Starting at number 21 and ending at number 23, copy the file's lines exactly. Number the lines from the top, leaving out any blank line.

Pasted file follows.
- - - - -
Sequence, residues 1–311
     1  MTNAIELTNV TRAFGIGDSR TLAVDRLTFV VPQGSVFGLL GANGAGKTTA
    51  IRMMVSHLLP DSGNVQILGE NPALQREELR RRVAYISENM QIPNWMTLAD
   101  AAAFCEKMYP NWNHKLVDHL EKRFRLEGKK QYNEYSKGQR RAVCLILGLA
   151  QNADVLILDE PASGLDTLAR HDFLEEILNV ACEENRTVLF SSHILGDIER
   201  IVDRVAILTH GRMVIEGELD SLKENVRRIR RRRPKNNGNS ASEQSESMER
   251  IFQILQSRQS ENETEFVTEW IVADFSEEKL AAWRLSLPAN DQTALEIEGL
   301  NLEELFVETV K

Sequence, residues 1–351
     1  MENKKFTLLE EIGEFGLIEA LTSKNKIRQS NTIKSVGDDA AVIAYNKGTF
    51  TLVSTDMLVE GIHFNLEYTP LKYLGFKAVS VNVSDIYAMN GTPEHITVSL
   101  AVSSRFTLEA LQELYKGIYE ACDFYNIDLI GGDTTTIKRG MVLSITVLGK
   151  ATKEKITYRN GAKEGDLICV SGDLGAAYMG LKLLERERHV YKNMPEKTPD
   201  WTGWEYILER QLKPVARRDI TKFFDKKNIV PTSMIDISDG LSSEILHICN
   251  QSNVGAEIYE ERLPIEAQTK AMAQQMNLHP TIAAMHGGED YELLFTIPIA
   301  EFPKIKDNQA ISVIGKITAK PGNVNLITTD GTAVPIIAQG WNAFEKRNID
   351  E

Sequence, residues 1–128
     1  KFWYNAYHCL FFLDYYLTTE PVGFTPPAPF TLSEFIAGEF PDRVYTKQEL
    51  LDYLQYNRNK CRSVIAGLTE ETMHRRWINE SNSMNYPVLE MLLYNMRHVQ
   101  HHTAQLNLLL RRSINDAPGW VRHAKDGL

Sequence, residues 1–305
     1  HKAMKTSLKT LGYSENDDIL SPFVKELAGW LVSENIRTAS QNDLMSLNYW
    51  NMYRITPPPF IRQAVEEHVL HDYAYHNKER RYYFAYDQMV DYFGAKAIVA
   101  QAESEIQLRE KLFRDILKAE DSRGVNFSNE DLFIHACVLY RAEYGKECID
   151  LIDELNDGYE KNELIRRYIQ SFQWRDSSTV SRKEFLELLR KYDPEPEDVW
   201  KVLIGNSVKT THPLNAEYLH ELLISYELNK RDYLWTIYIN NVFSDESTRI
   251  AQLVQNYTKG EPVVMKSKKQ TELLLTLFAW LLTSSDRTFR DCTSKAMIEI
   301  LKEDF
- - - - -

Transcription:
   101  HHTAQLNLLL RRSINDAPGW VRHAKDGL

Sequence, residues 1–305
     1  HKAMKTSLKT LGYSENDDIL SPFVKELAGW LVSENIRTAS QNDLMSLNYW